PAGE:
community. "The majority of the fundraising we do actually happens during the
season," explains Palange. "Also, we venture outside of Oswego as often as possible
to fundraise; this is a small town, and as much as people would like to help, they may
become a bit annoyed if they are constantly being asked for money."
However, the program does hold a BBQ Chicken Dinner. "We reach out to the
community as well as our band families," says Debbie Bartholomew, the president of
Oswego's Band Parents Association. "We pre-sell tickets for dinners, then we cook
the chicken on school premises—after marinating in a secret recipe for a couple
of days! Buyers pick their dinners up there, or we deliver larger orders. Our dinners
include half a chicken, salt potatoes, baked beans, a roll and a cookie, which our
band parents donate."
The members of Oswego marching band also sell candy, Avon products, Longaberger
baskets and Sara Lee pies throughout the year to raise money.
Like Oswego and Mayfair, Timber Creek hosts a menagerie of events including a
golf tournament in April and a spring community concert; however, the band also
sells products like Sally Foster wrapping paper, Yankee Candles and World's Finest
Chocolate to supplement this income throughout the year.
Despite all of the fundraisers these schools do, particular events bring in the majority
of their money.
For Timber Creek, the sale of Entertainment Books has raised a total of $17,000, and
no one sells more of them within the Central Florida market! Its fall field competition
typically brings in about $11,000 from ticket sales, concessions, vendor booths and
entrance fees. And the golf tournament brings in about $10,000.
Field tournaments are also a boon for Mayfair. "Field show tournaments bring in a lot
of money because of the vendors who rent spots, the admission fee, the cost of the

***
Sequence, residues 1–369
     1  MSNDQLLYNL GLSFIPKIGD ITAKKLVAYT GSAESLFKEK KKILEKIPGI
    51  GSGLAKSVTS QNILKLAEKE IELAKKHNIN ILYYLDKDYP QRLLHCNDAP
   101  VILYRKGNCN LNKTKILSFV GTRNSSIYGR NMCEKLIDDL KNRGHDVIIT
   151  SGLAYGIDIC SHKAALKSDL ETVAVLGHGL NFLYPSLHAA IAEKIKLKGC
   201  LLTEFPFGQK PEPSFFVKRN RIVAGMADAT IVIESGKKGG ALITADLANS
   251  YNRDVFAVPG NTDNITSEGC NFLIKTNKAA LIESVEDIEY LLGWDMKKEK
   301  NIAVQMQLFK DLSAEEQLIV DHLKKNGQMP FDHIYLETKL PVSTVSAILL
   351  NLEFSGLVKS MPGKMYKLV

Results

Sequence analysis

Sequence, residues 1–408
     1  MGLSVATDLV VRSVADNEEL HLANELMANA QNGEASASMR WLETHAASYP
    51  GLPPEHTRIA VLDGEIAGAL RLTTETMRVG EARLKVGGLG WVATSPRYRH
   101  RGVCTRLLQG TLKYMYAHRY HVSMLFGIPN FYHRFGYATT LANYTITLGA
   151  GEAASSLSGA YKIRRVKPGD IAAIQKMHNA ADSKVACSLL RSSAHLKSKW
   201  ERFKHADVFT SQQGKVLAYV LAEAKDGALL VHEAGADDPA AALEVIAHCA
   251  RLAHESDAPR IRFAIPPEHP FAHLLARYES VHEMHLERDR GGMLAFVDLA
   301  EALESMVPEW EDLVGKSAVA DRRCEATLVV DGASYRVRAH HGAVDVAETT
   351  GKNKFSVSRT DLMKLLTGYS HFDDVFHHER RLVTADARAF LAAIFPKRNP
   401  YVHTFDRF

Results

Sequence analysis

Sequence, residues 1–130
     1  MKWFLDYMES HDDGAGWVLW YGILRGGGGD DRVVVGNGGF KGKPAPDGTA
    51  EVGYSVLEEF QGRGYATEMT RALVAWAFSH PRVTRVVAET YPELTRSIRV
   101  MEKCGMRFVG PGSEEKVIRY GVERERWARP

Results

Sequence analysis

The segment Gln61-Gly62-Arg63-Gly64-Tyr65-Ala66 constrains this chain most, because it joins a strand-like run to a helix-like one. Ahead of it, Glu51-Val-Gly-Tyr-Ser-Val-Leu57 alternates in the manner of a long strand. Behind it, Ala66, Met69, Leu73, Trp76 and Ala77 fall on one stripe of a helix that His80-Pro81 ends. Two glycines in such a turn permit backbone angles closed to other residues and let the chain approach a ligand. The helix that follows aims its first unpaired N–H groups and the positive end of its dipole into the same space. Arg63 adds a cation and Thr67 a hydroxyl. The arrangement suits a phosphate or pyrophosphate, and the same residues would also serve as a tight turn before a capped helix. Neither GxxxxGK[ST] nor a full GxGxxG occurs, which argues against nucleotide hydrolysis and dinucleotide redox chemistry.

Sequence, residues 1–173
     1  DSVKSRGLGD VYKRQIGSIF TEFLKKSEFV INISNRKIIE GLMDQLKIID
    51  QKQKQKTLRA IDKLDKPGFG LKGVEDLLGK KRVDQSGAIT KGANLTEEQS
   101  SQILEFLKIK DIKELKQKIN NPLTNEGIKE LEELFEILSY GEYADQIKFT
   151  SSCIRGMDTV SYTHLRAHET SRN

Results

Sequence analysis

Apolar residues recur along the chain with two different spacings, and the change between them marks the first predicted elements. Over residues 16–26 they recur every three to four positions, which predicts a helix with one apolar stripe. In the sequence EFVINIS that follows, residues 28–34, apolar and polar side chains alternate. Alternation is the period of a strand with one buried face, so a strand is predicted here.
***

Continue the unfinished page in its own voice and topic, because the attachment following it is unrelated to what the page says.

programs, concessions, etc.," explains deSeriere. "Doing three of them really helps
This past fall, the band also entered and won a contest sponsored by radio station
Power 106 to host the station's All-Star basketball team in a game against the
high school team. All of the ticket proceeds went to the band, which also sold
concessions at the event. Celebrity guests rap / hip-hop duo The New Boyz and
rapper Lloyd Banks made appearances. Mayfair was also given a total of $5,500 by
the radio station and TMobile as part of its prize.
Oswego's band typically engages in fundraisers that offer at least 35 to 40 percent of
the profit. Its most successful fundraiser involves volunteering at concession stands
for a portion of the revenues at the Carrier Dome and Alliance Bank Stadium. (Timber
Creek has a similar relationship at Amway Stadium.)
"This method of fundraising is extremely successful, and it's nice that we're not
confronting the same people in our community for donations," Palange says.
While fundraising can be challenging, time consuming and emotionally draining,
knowing that it all goes to a good cause makes it worthwhile, Palange says.
"Have fun with it!" he says. "And stay upbeat about it. The money and time and effort
you're putting into it will ultimately benefit the kids, and that's what's important.
Previously Printed: Jan-Feb 2011 Issue